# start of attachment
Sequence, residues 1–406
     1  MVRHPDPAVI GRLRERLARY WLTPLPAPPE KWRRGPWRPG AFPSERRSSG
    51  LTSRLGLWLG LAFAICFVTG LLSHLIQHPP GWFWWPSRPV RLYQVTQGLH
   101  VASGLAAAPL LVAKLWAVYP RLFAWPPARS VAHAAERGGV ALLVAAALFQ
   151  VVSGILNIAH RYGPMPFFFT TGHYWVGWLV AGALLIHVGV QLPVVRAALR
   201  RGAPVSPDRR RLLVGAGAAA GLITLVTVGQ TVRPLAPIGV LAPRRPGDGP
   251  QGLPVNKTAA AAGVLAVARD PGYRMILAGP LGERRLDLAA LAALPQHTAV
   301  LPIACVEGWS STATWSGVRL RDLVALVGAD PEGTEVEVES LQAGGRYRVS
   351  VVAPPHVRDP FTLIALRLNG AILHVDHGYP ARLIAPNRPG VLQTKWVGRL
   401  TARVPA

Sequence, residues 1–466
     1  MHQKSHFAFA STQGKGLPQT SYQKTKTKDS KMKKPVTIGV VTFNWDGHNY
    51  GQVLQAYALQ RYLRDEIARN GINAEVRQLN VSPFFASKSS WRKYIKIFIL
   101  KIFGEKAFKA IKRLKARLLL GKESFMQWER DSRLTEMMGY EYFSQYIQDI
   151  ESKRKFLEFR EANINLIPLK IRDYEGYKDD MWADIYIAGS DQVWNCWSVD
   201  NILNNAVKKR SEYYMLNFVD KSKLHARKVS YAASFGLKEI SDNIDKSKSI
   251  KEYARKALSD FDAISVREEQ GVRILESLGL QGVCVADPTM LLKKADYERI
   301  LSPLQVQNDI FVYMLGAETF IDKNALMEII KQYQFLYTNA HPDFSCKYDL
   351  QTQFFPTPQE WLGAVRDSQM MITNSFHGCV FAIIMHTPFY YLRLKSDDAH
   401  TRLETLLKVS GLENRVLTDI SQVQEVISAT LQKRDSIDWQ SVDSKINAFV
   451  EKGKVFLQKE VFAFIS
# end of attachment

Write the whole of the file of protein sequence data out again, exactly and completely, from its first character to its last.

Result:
Sequence, residues 1–406
     1  MVRHPDPAVI GRLRERLARY WLTPLPAPPE KWRRGPWRPG AFPSERRSSG
    51  LTSRLGLWLG LAFAICFVTG LLSHLIQHPP GWFWWPSRPV RLYQVTQGLH
   101  VASGLAAAPL LVAKLWAVYP RLFAWPPARS VAHAAERGGV ALLVAAALFQ
   151  VVSGILNIAH RYGPMPFFFT TGHYWVGWLV AGALLIHVGV QLPVVRAALR
   201  RGAPVSPDRR RLLVGAGAAA GLITLVTVGQ TVRPLAPIGV LAPRRPGDGP
   251  QGLPVNKTAA AAGVLAVARD PGYRMILAGP LGERRLDLAA LAALPQHTAV
   301  LPIACVEGWS STATWSGVRL RDLVALVGAD PEGTEVEVES LQAGGRYRVS
   351  VVAPPHVRDP FTLIALRLNG AILHVDHGYP ARLIAPNRPG VLQTKWVGRL
   401  TARVPA

Sequence, residues 1–466
     1  MHQKSHFAFA STQGKGLPQT SYQKTKTKDS KMKKPVTIGV VTFNWDGHNY
    51  GQVLQAYALQ RYLRDEIARN GINAEVRQLN VSPFFASKSS WRKYIKIFIL
   101  KIFGEKAFKA IKRLKARLLL GKESFMQWER DSRLTEMMGY EYFSQYIQDI
   151  ESKRKFLEFR EANINLIPLK IRDYEGYKDD MWADIYIAGS DQVWNCWSVD
   201  NILNNAVKKR SEYYMLNFVD KSKLHARKVS YAASFGLKEI SDNIDKSKSI
   251  KEYARKALSD FDAISVREEQ GVRILESLGL QGVCVADPTM LLKKADYERI
   301  LSPLQVQNDI FVYMLGAETF IDKNALMEII KQYQFLYTNA HPDFSCKYDL
   351  QTQFFPTPQE WLGAVRDSQM MITNSFHGCV FAIIMHTPFY YLRLKSDDAH
   401  TRLETLLKVS GLENRVLTDI SQVQEVISAT LQKRDSIDWQ SVDSKINAFV
   451  EKGKVFLQKE VFAFIS